Utilizing citizen science to model the distribution of Aedes aegypti in West Africa
Abstract: In the rapidly urbanizing region of West Africa, Aedes mosquitoes pose an emerging threat of infectious disease that is compounded by limited vector surveillance. Citizen science has been proposed as a way to fill surveillance gaps by training local residents to collect and share information on disease vectors. Understanding the distribution of arbovirus vectors in West Africa can inform researchers and public health officials on where to conduct disease surveillance and focus public health interventions. We utilized citizen science data collected through NASA's GLOBE Observer mobile phone application and data from a previously published literature review on Aedes mosquito distribution to examine the contribution of citizen science to understanding the distribution of Ae. aegypti in West Africa using Maximum Entropy modeling. Combining citizen science and literature-derived observations improved the fit of the model compared to models created by each data source alone but did not alleviate location bias within the models, likely due to lack of widespread observations. Understanding Ae. aegypti distribution will require greater investment in Aedes mosquito surveillance in the region, and citizen science should be utilized as a tool in this mission to increase the reach of surveillance.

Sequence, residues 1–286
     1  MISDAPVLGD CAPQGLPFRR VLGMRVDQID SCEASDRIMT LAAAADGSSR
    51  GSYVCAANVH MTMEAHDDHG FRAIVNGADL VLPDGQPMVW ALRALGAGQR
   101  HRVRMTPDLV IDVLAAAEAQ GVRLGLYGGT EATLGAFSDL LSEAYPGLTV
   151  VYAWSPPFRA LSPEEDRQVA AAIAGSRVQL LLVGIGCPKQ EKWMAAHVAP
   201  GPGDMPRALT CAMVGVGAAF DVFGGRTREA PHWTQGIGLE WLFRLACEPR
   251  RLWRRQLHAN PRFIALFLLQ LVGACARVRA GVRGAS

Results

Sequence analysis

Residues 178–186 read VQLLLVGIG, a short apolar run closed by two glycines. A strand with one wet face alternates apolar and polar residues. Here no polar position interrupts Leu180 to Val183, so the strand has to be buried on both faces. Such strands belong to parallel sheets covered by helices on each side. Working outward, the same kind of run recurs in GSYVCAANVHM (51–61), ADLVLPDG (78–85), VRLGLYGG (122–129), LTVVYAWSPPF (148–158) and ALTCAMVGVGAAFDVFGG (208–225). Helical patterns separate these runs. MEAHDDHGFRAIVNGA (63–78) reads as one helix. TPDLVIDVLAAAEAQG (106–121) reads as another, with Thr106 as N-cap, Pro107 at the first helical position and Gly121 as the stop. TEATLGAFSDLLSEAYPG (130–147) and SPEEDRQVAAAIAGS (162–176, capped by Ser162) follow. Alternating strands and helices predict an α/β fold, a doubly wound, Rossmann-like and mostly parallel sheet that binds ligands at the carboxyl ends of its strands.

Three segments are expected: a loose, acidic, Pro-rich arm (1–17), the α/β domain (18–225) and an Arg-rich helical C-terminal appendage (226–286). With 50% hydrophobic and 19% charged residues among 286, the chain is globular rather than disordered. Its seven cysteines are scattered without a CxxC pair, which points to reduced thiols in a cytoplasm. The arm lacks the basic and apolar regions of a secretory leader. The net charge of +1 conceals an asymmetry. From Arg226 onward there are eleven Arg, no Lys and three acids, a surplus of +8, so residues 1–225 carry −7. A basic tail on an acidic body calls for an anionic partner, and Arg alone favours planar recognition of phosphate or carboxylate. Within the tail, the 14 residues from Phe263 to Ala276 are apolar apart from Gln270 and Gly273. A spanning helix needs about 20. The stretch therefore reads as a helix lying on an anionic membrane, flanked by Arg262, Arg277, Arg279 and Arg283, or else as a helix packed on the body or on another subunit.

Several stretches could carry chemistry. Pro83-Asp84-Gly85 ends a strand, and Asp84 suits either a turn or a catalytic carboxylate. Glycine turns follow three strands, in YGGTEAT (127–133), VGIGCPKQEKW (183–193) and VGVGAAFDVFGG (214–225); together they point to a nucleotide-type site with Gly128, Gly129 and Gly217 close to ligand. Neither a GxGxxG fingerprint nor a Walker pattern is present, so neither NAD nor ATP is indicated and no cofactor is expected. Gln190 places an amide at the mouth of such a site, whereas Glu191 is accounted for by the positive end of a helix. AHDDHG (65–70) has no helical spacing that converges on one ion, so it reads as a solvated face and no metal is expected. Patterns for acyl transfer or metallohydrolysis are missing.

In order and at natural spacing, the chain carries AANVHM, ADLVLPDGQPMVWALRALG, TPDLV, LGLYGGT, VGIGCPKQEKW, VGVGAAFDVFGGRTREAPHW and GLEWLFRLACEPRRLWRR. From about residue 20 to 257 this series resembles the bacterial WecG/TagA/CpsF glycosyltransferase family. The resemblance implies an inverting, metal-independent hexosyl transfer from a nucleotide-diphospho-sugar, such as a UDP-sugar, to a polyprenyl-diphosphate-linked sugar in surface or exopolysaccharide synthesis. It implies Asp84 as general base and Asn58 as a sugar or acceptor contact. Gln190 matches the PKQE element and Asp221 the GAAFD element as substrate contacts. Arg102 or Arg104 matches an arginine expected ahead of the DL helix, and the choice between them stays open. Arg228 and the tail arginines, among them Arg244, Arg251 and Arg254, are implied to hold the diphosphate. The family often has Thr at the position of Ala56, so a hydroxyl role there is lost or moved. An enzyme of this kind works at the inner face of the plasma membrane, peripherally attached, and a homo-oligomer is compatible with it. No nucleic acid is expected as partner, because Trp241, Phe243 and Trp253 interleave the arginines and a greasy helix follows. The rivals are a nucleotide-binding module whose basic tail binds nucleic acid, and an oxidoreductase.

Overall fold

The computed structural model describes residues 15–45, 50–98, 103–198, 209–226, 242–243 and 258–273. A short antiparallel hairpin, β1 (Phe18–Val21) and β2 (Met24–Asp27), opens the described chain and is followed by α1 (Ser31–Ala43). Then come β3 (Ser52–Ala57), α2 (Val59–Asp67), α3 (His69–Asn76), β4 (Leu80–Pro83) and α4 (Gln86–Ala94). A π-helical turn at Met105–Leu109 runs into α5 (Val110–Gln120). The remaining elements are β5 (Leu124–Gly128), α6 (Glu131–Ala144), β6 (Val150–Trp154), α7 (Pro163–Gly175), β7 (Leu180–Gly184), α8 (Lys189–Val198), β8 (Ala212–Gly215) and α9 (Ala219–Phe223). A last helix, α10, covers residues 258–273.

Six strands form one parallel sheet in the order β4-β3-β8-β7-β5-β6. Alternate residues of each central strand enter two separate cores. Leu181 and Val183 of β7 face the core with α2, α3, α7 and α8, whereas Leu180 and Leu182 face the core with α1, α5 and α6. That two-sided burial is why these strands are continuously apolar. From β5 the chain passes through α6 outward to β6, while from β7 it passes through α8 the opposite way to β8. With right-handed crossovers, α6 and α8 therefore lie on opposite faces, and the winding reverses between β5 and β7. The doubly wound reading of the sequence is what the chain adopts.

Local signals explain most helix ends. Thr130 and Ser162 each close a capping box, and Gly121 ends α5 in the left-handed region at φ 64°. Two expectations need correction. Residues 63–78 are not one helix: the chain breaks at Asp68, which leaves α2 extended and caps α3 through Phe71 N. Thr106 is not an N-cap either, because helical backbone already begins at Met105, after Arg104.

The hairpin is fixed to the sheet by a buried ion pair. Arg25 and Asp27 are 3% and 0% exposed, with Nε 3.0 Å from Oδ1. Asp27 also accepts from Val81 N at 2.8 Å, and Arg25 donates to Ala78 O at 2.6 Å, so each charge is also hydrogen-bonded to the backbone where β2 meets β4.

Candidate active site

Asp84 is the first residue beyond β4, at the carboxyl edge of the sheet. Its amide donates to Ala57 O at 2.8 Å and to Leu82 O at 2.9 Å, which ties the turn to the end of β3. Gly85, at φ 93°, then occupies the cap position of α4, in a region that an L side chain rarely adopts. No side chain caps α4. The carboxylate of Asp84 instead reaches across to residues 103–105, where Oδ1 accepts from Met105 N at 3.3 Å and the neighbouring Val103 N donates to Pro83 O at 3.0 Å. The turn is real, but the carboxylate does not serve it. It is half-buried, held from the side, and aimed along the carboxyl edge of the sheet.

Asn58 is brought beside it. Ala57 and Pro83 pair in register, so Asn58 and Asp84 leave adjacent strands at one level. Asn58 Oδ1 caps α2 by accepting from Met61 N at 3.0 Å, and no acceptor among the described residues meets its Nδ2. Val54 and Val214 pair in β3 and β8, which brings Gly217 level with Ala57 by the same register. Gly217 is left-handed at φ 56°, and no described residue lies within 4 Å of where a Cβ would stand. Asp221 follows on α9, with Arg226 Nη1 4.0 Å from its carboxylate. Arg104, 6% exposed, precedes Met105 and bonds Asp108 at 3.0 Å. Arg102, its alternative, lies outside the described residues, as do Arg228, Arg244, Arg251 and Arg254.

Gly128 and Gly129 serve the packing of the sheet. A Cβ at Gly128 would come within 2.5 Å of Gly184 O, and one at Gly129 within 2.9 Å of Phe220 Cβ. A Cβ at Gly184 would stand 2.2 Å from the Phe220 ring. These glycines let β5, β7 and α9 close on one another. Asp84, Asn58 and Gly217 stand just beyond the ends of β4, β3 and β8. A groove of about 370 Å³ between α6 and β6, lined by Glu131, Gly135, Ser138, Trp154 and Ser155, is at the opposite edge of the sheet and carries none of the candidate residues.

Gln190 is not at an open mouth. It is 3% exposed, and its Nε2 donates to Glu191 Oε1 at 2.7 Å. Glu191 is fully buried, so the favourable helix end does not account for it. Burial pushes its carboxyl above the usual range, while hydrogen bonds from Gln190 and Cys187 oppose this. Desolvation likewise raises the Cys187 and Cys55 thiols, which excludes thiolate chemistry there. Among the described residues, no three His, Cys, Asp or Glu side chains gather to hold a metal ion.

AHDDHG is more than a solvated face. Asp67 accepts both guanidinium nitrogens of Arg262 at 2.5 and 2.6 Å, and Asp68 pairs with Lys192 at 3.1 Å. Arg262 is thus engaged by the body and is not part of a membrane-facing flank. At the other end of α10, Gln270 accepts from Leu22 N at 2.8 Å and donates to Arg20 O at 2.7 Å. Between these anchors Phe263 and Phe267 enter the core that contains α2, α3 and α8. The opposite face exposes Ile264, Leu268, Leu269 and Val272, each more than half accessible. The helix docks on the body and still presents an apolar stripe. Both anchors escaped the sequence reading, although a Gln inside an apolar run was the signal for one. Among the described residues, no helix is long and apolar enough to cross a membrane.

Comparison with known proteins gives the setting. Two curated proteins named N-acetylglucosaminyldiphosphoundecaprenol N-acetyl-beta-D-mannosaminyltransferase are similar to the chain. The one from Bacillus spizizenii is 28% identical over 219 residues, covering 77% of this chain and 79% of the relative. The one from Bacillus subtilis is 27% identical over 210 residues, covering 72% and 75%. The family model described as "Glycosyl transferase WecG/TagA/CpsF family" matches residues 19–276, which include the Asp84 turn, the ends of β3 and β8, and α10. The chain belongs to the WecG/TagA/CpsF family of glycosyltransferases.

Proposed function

Keywords: Africa / models / citizen science / West / aegypti / mosquito / Aedes / distribution
Scifeed alert for new publicationsNever miss any articles matching your research from any publisher
- Get alerts for new papers matching your research
- Find out the new papers from selected authors
- Updated daily for 49'000+ journals and 6000+ publishers
- Define your Scifeed now
Click here to see the statistics on "Journal of Vector Ecology" .